There are over 500 avocado varieties, although Hass, Fuerte, and Pinkerton saturate the commercial market. Farmers are more inclined to each avocado variety due to various reasons. One of the reasons is the avocado tree; its height, spreading, lifespan, ease of harvesting, etc.
This article compares Hass avocado trees to other commercial varieties. We’ll explore the differences and how they should influence your decision when growing avocados.
Hass Avocado Trees
The Hass avocado is the most popular variety worldwide. Hass avocado trees account for approximately 80% of the avocado trees grown globally and 97% of the total avocado production. A report by the USDA shows that the capital avocado consumption has increased in the United States since the early 2000s. This could be owed to appreciation by most world’s largest avocado producers, including Mexico, Peru, Chile, California, and Columbia, appreciating the plant.
But what makes the Hass avocado unique and desirable compared to other avocado trees?
The variety was first grown in South California by an amateur horticulturist Rudolph Hass, who it’s now named after. The tree resulted after Hass grafted some seedlings he had bought with branches from Fuerte avocado trees. He later patented the avocado tree in 1935 after making a few sales. In 2019 the National Academy of Sciences established that the Hass avocado tree is a cross between Mexican (about 61%) and Guatemalan (about 39%) avocado varieties.
Hass avocado trees have evergreen leathery leaves with a well-established network of veins on the surface. The tree’s height ranges between 7ft and 30ft. The Hass avocado tree starts fruiting within three years of planting. However, the timeframe before you harvest the first fruits may be longer or shorter depending on soil, climate, etc. The tree reaches full maturity in 7 years and covers about 8m in diameter.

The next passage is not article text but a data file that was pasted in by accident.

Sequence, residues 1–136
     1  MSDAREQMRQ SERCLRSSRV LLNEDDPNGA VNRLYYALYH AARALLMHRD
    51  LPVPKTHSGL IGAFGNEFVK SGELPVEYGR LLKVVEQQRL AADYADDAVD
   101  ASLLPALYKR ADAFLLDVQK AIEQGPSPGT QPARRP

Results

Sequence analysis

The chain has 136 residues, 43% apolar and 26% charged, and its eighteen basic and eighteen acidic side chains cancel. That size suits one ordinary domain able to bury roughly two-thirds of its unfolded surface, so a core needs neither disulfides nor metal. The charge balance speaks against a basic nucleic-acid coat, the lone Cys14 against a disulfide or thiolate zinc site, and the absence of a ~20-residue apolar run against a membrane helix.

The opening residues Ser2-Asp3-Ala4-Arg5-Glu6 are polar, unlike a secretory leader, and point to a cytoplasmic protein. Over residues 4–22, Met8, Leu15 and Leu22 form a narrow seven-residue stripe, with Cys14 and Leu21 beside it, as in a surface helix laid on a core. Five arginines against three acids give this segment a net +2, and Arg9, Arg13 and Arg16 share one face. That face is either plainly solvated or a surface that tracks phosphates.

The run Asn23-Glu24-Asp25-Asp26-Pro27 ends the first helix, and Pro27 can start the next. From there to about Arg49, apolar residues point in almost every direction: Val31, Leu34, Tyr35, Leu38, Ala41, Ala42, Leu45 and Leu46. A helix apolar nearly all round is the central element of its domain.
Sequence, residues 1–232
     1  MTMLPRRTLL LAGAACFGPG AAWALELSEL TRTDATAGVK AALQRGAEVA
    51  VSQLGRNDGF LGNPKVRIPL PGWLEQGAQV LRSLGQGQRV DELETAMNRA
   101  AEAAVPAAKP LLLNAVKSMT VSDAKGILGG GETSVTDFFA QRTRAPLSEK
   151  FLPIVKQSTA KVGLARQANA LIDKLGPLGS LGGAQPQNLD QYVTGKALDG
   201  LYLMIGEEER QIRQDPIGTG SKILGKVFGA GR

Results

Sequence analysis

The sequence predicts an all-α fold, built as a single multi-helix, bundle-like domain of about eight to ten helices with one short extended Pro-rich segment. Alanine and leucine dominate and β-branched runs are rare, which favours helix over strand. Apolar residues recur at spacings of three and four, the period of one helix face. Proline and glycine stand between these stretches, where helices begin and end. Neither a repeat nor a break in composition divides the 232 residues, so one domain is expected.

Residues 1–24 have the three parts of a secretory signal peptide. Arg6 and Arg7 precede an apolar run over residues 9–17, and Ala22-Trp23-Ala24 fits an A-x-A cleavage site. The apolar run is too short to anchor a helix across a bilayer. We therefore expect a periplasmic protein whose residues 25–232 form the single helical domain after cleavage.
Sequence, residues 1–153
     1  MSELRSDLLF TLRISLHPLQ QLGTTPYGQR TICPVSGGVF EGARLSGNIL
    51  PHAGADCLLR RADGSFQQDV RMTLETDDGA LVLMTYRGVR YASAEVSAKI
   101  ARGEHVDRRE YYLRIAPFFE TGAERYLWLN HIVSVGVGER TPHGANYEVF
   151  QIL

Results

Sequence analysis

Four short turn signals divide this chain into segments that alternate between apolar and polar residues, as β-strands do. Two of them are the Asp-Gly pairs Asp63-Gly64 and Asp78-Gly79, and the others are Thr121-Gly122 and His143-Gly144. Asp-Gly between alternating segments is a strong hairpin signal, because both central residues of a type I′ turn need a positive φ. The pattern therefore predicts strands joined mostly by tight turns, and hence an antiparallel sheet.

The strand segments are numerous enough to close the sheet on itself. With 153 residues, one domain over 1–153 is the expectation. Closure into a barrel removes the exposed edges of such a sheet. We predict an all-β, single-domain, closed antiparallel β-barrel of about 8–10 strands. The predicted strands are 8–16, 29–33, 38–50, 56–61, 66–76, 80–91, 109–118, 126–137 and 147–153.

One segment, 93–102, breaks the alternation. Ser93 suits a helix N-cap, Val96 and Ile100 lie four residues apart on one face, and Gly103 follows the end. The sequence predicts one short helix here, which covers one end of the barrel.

A fully grown Hass avocado tree can produce anywhere between 0 to 300 fruits annually. According to Kalro, most three-year avocado varieties produce about 300 to 400kg of fruits per hectare, but this may increase to 800 to 1000 kg for trees over five years. The main contributing factors to the fruits are climate, soil type, land preparation, pollination, and irrigation.
Other Avocado Varieties
Although Hass avocado trees have the greatest market share in growth and production, there are hundreds of other avocado varieties. There are over 500 avocado varieties, each with a tree of a different size, texture, and shape. Some of the varieties grown commercially include:
It is the second most popular avocado variety that is native to Mexico. Kenya leads in producing and exporting the Fuerte variety in Africa. The Hass avocado has a butter, meaty taste when ripe, but the Fuerte variety is often sweeter and fruiter with fewer fats.
The Fuerte Avocado tree is also very different from Hass trees. Fuerte trees are large and spread up to 12 meters. Unlike Hass tree branches that are often thin, Fuerte avocados have thick and rough. The branches are more inclined towards spreading than achieving height.
The fruits from both trees are very different. Fuerte avocados are smooth and curved and have thin skin. Unlike the evergreen Hass tree leaves, Fuerte avocado leaves and fruits are pale green when fresh.
Reed avocado trees are less common in Kenya, especially because most farmers are shifting to Hass. The tree was once popular long before the entry of Fuerte in the Kenyan Market. Reed avocados are round, larger than Hass, and have smooth thin skin. The fruits are thick and leathery and remain green even when ripe.
Reed avocado trees grow upright and may reach up to 11 meters in height. The farmers love its consistency in yielding, ease of growth, and maintenance, amongst other benefits. The tree is being phased out of commercial production as other commercially favourable cultivars gain the farmers’ attention.
Growers love this variety for its consistency in production and flavour. Pinkerton avocado is green when fresh and deepens in colour when ripe. They have an elongated pear shape with smooth skin that is easy to peel.
The Pinkerton tree size is manageable, and it grows low, up to 2 meters, and may spread if left to grow. Its branches are compact and easy to harvest.
Which avocado tree is best for you?
Hass Avocado trees are distinguished in production and marketability, whereas avocados are loved for their taste, lifespan, and size. The best fruit depends on your preference.
Pinkerton and Reed will be perfect if you want to grow a tree that doesn’t use much of your space. If space is none of your worries, but instead, you prioritize taste, production, and marketability, Hass and Fuerte are your best options.